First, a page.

December 17, 2008

Getting through

The theme lately at Goat Rope is hard times and how to get through them. The last two posts were about poverty and the role of education, broadly conceived, in helping people escape it. Yesterday's post was about a program that provides economically disadvantaged people with college level classes in the humanities.

As fate would have it, the humanities helped me get though the economic depression that hit West Virginia in the 1980s. It was baaaad. I was working at a low wage job and picking up any extra work on the side and trying to provide for two young children. At times, it seemed like there was no way out.

As mentioned in the last two posts, being in poverty sometimes feels like being a hunted animal. The writer Earl Shorris called it, accurately in my opinion, a "surround of force."

It would have been nice if we had an administration at the time that cared about working class and poor people, but that wasn't on the menu. There was no social movement waiting in the wings to come to the rescue.

One thing you have to do in a situation like that is just Get Through Time while you're waiting for conditions to change or opportunities to occur. And there are some ways of getting through time that can make you stronger and other ways that make you weaker.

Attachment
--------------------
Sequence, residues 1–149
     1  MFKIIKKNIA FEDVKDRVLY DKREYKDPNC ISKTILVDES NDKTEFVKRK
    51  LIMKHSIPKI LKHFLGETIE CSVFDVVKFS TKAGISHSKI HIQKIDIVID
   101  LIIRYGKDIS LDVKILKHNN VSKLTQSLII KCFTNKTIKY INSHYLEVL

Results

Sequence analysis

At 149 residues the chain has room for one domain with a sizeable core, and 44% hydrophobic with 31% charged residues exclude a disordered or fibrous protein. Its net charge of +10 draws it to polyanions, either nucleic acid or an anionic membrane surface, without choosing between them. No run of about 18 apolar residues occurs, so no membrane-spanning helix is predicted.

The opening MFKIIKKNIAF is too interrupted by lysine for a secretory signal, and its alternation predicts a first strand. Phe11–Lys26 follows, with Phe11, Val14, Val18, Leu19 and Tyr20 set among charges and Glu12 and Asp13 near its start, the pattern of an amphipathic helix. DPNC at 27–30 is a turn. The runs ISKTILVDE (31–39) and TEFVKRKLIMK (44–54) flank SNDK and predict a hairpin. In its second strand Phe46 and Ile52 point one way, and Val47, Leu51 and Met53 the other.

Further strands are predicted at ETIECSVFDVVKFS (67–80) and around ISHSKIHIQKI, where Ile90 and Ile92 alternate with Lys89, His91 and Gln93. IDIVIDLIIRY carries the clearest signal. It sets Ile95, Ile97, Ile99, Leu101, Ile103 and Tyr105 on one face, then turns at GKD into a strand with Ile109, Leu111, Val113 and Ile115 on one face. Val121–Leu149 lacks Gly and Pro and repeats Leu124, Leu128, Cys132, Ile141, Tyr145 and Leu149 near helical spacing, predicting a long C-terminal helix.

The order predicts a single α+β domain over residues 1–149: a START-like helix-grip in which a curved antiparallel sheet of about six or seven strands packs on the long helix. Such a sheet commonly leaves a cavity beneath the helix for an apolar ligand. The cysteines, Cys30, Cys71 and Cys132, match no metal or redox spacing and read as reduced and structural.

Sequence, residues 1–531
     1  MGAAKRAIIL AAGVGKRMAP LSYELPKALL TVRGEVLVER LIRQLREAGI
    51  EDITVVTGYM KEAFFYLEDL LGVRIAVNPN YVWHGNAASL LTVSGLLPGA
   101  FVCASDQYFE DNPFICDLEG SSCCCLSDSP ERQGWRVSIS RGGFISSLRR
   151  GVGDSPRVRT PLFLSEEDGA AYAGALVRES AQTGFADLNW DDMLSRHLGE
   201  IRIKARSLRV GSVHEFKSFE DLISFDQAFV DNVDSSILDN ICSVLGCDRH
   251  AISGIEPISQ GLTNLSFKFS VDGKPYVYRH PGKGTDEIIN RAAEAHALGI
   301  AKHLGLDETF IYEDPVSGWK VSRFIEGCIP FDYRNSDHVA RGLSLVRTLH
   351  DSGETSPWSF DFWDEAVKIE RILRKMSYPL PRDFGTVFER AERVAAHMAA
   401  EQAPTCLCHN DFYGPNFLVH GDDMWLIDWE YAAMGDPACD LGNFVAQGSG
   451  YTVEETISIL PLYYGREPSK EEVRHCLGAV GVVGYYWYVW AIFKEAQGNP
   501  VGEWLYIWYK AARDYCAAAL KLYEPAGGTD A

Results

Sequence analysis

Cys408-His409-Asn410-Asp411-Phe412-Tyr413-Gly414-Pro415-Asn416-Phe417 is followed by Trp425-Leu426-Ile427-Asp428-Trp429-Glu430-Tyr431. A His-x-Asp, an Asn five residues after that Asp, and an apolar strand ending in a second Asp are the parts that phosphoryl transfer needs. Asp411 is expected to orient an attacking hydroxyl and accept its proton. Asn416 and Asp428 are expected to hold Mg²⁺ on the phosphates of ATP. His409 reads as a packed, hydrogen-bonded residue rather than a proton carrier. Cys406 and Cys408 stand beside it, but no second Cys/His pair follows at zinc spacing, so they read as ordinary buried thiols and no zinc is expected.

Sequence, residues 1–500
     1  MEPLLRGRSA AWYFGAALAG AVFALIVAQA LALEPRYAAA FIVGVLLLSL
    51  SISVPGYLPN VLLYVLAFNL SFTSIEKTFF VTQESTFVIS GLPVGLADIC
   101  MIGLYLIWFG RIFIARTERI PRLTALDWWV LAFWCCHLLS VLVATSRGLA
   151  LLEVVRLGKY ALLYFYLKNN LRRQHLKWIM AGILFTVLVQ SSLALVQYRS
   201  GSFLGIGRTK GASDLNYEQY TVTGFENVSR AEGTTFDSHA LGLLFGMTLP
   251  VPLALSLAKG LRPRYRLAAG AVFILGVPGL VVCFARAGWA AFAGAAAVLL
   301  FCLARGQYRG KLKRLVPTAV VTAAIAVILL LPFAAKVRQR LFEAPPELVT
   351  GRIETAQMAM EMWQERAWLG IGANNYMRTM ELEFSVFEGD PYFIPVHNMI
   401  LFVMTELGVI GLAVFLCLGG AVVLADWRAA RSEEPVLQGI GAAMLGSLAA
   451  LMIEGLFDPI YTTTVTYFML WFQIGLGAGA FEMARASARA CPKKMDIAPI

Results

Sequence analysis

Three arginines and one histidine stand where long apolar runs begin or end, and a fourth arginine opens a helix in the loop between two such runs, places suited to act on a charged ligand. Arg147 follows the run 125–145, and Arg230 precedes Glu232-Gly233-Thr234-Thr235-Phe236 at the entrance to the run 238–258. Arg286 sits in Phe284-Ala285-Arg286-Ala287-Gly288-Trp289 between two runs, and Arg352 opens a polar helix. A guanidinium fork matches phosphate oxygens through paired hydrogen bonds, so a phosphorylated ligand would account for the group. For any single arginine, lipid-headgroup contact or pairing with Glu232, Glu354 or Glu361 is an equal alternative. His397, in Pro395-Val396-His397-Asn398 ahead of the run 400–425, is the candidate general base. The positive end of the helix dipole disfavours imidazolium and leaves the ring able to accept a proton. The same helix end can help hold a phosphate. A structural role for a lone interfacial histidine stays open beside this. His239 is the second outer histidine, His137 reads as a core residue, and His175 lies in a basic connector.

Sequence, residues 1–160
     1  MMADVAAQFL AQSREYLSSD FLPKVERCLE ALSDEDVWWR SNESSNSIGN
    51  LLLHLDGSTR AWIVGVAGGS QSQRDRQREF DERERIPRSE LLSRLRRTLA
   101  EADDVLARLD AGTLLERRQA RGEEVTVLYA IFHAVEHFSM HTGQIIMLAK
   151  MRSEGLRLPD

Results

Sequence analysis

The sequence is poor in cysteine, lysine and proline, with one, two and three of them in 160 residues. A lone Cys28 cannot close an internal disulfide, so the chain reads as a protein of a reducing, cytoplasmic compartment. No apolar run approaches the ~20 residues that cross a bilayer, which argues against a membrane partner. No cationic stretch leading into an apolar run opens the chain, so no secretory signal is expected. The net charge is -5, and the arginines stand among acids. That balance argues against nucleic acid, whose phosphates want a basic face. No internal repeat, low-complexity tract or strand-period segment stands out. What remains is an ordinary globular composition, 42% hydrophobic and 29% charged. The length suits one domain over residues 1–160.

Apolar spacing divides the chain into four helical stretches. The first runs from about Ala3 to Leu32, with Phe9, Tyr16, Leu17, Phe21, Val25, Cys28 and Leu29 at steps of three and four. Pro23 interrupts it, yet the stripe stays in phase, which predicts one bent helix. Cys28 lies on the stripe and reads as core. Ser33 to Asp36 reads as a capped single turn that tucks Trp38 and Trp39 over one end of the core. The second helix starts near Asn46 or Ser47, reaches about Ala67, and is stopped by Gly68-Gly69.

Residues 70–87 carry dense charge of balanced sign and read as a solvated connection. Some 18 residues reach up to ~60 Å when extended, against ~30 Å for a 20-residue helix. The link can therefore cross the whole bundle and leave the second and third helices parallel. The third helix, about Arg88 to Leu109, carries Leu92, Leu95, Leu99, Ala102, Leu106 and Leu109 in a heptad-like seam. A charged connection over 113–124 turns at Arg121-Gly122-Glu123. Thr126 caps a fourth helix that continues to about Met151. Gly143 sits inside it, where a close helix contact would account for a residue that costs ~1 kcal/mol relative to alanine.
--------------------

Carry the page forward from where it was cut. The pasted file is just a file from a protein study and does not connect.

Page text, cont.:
One thing that saved me was starting an ambitious reading program of my own on work breaks and lunch hours and other stolen moments. It didn't put any extra cash in my pocket at the time but it enriched me and gave me a chance to think and reflect when I couldn't do much else. And over time, it was an investment well worth the effort.

About which more tomorrow.




Martha Yager said...

In the 1960s my dad, a high school art teacher, was trained in a national initiative to create humanities classes for non-college bound seniors in rural Vermont. It was a two period class that taught world history through art, music and literature. They later developed an American History class for juniors taught the same way. The material was not watered down - just taught in a way that connected to the current world. And the responses of the students were often profound. Don't know what became of the program - probably cut so they could teach to the test.

El Cabrero said...

You're probably right about it being cut--more's the pity. If people really realized how dangerous (in a good way) the humanities are, they would probably be outlawed.